A new TxPEP research brief examines out-of-state travel to neighboring states for abortion care throughout the period Senate Bill 8 has been in effect.
Texas Senate Bill 8, a state law that prohibits abortion as early as five to six weeks of pregnancy, has forced nearly 1400 Texans a month out of state for abortion care. The research is based on patient counts from facilities that provide abortion in Arkansas, Colorado, Kansas, Louisiana, Mississippi, New Mexico, and Oklahoma—states where large numbers of Texans have traveled after previous state restrictions went into effect.
Travel by Texans in the wake of SB 8 has created large patient loads for many destination facilities. Between Sept. 1, when SB 8 was implemented, through Dec. 31, 2021, more than 5500 people obtained an abortion at the facilities that provided data. During the same four-month time period in 2019–the most recent data available–these facilities served around 500 Texans.
Nearly half of the Texans who traveled out of state since Sept 1. received abortion care in Oklahoma, and one in four received care in New Mexico. The number of Texans seen each month in Oklahoma is more than twice the monthly average of all abortion patients seen in Oklahoma in 2020. The number of Texans seen each month in New Mexico since SB 8 went into effect has often exceeded the monthly average of all abortion patients seen in the state in 2019.
“Senate Bill 8 has not reduced the need for abortion care in Texas. Rather it has reduced in-state access,” said Dr. Kari White, associate professor of social work and sociology at The University of Texas at Austin. “Thousands of pregnant Texans are traveling hundreds of miles to abortion facilities in other states to get care and being deprived of the emotional, logistical, and medical support that could be found closer to home.”
Interviews conducted with 65 Texas residents who obtained abortion care out of state during the period in which SB 8 has been in effect show that they have experienced numerous challenges getting care, including:
- difficulties scheduling appointments in Texas while they were still eligible for in-state care,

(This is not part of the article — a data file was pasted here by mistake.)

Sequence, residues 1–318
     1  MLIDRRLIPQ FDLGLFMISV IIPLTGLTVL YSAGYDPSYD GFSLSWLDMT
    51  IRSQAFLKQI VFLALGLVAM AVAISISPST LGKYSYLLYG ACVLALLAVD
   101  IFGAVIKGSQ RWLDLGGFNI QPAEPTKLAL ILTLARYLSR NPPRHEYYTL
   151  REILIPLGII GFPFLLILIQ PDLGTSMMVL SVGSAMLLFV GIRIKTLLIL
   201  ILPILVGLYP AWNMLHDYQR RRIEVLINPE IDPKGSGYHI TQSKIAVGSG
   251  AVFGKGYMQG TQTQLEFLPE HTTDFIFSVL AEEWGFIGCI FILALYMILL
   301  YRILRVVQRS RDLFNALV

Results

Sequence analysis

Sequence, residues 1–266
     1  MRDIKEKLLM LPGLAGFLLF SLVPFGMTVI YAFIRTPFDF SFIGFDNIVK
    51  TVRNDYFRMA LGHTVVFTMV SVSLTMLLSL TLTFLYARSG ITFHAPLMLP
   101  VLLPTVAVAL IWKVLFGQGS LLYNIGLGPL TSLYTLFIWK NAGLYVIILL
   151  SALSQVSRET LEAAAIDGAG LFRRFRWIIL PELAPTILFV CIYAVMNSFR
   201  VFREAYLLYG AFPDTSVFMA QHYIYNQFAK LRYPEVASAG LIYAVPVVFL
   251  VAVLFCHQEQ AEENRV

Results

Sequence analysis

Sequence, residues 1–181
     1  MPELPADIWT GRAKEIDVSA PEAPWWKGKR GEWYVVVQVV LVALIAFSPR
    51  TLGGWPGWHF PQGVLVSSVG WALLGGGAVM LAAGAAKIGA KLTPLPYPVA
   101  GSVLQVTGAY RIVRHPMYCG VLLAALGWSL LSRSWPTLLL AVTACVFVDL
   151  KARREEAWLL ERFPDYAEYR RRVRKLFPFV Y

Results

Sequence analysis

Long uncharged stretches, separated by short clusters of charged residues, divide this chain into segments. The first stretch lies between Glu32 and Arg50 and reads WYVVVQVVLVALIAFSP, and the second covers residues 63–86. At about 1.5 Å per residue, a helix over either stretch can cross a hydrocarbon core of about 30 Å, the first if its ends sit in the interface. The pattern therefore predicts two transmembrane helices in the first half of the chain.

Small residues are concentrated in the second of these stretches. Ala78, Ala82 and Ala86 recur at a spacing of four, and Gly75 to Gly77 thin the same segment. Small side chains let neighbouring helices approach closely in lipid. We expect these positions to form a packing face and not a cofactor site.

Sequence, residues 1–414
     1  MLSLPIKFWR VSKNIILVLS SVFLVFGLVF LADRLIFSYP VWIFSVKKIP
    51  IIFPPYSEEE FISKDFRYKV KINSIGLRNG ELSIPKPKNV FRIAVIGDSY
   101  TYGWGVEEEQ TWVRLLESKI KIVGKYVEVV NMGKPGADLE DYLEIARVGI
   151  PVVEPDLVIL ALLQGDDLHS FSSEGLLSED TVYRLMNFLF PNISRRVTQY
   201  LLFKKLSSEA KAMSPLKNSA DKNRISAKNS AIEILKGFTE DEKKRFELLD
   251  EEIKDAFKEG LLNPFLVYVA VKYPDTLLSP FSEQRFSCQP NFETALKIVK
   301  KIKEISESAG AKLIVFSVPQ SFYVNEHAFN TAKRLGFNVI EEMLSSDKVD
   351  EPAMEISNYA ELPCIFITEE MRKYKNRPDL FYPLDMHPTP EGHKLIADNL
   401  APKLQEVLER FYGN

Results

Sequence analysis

- visits to pregnancy resource centers that discouraged abortion,
- limited availability of timely out-of-state appointments because of increased patient volume,
- complicated travel logistics that involved long journeys and overnight drives,
- increased economic hardship, including lost wages, paying for gas and food, and overnight stays for multiple days.
Interview participants, who had varying levels of knowledge about SB 8 when they began looking for an abortion, expressed anger and frustration about the ways the law compromised their autonomy and privacy. Some called the law “unfair,” “cruel,” and “inhumane.”
Researchers obtained data on Texas residents who received abortion care between August 1 and December 31, 2021 at 34 of the 44 open facilities in Arkansas, Colorado, Kansas, Louisiana, Mississippi, New Mexico, and Oklahoma. These new data undercount actual out-of-state travel by Texans for abortion care as it does not include 10 facilities in these states, or Texans who have traveled to other states for care.
In September, 2021, the first month of Senate Bill 8, the number of abortions in Texas fell by half compared to the same month in 2020. There has not been a further downward trend since September.
In spring 2022, the United States Supreme Court will issue a decision in Dobbs v. Jackson Women’s Health Organization that may overturn or severely undermine the right to abortion before fetal viability as established in Roe v. Wade. If abortion care is offered in fewer states, Texans will face greater distance barriers and more logistical hurdles to care.